I recently listened to a superb interview of Warren Buffett and Bill Gates.
In it, Buffett admitted he’s not the smartest person in the room. The “secret” to his extraordinary success in the capital markets comes down to the “Horsepower Versus Output” distinction.
He explained that “horsepower” is the talent we’re born with but “output” is how much of that reservoir we have the commitment, discipline and guts to realize.
The term for translating potential into results is “capitalization”, because if you are seriously committed to becoming a master in your chosen field, you need to fully capitalize on all the potential you have.
One of the finest ways to ensure complete capitalization of your talent is to start your pursuit of becoming the best in the world at your chosen skill as early as possible .And then to get in the 10,000 hours that Anders Ericsson has discovered is the minimum viable amount of training needed before genius begins to present itself . ( Malcom Gladwell wrote about this at length in The Outliers).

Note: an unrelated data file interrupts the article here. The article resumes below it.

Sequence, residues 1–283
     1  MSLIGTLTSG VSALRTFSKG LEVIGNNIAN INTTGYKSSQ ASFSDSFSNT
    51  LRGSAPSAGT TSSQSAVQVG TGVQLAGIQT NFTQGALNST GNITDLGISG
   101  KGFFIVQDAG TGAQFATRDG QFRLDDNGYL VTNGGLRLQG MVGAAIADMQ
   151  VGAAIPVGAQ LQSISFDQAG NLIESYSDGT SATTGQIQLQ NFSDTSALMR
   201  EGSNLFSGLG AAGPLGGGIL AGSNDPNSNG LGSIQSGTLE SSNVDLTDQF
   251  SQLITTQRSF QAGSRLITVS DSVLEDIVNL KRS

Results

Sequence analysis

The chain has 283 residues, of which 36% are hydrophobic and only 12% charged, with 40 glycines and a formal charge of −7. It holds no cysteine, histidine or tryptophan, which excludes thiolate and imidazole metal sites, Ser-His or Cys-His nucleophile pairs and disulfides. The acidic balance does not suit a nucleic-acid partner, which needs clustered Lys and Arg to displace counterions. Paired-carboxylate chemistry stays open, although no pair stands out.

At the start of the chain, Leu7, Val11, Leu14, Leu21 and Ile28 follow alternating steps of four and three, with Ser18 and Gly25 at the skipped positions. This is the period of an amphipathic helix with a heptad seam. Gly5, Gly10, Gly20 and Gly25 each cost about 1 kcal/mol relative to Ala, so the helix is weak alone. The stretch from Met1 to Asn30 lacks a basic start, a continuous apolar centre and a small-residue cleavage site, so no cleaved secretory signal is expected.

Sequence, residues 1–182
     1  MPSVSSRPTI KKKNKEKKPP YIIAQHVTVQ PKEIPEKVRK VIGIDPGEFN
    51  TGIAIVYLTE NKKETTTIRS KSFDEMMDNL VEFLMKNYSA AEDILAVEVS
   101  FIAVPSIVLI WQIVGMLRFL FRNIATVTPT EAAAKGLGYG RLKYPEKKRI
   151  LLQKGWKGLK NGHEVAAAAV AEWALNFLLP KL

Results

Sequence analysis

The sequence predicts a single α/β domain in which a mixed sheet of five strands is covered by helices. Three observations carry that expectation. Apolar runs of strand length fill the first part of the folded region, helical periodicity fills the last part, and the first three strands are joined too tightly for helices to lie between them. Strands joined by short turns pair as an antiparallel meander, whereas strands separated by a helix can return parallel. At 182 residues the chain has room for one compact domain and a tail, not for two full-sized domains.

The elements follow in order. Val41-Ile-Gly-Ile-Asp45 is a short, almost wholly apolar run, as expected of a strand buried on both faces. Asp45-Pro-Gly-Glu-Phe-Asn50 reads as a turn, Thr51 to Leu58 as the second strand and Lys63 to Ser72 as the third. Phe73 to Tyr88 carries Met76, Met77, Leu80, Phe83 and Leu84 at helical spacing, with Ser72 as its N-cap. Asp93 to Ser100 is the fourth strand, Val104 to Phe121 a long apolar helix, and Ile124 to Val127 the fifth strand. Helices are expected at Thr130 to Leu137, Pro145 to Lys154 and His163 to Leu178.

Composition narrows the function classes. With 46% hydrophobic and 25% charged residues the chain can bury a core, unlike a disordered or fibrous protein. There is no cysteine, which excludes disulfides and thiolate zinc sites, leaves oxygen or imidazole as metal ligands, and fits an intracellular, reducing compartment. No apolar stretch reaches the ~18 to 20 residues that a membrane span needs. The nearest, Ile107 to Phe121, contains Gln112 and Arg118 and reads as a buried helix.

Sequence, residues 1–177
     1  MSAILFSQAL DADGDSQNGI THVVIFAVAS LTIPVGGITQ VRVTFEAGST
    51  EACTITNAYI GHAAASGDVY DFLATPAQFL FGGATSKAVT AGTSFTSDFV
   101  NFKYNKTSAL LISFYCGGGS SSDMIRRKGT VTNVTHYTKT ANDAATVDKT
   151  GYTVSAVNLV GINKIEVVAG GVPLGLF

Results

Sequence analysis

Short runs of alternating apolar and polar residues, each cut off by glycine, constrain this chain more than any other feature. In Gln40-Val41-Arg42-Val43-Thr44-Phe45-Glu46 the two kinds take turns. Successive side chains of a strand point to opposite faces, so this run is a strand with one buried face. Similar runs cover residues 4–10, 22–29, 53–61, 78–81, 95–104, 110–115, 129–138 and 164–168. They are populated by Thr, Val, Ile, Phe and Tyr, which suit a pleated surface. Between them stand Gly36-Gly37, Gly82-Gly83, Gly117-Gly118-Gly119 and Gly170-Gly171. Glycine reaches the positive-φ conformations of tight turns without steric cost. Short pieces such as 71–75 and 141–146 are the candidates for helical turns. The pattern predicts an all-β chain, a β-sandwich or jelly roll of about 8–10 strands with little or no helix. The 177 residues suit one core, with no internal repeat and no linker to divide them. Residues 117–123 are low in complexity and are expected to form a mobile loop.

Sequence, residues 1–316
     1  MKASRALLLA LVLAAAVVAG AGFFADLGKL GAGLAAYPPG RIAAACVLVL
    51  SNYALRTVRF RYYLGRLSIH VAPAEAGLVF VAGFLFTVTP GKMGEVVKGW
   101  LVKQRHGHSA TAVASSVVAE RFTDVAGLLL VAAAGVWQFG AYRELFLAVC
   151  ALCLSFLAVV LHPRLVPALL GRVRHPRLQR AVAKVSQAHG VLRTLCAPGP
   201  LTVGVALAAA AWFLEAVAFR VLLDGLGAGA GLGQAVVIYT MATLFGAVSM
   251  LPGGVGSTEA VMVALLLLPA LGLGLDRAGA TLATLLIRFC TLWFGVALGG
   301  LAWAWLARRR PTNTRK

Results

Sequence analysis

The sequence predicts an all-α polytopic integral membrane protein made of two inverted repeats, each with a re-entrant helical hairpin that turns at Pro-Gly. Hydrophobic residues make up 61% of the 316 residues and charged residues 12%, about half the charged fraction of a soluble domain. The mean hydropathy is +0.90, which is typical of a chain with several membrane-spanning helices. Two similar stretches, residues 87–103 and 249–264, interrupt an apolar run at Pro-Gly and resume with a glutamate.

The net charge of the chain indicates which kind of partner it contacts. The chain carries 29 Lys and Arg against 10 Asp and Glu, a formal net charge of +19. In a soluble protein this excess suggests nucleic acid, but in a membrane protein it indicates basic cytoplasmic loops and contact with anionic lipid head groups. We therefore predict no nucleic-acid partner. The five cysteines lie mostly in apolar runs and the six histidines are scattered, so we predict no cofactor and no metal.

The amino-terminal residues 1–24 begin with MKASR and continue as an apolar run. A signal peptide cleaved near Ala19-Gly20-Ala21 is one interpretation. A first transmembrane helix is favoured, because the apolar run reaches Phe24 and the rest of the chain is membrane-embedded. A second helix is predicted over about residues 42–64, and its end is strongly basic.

That’s 2 hours and 44 minutes of daily practice at one thing for ten years…
The truth is that you just have to put in ridiculous amounts of time and effort to reach world-class performance.This is not just about putting in the hours though, it about deliberate practice and adopting a mindset of constant improvement.
You really can get there (and you disrespect your potential if you don’t). But most of us are just too distracted, too interested in easy, too affected by criticism and too invested in comfort to heed the call on our lives and do what’s needed to become iconic.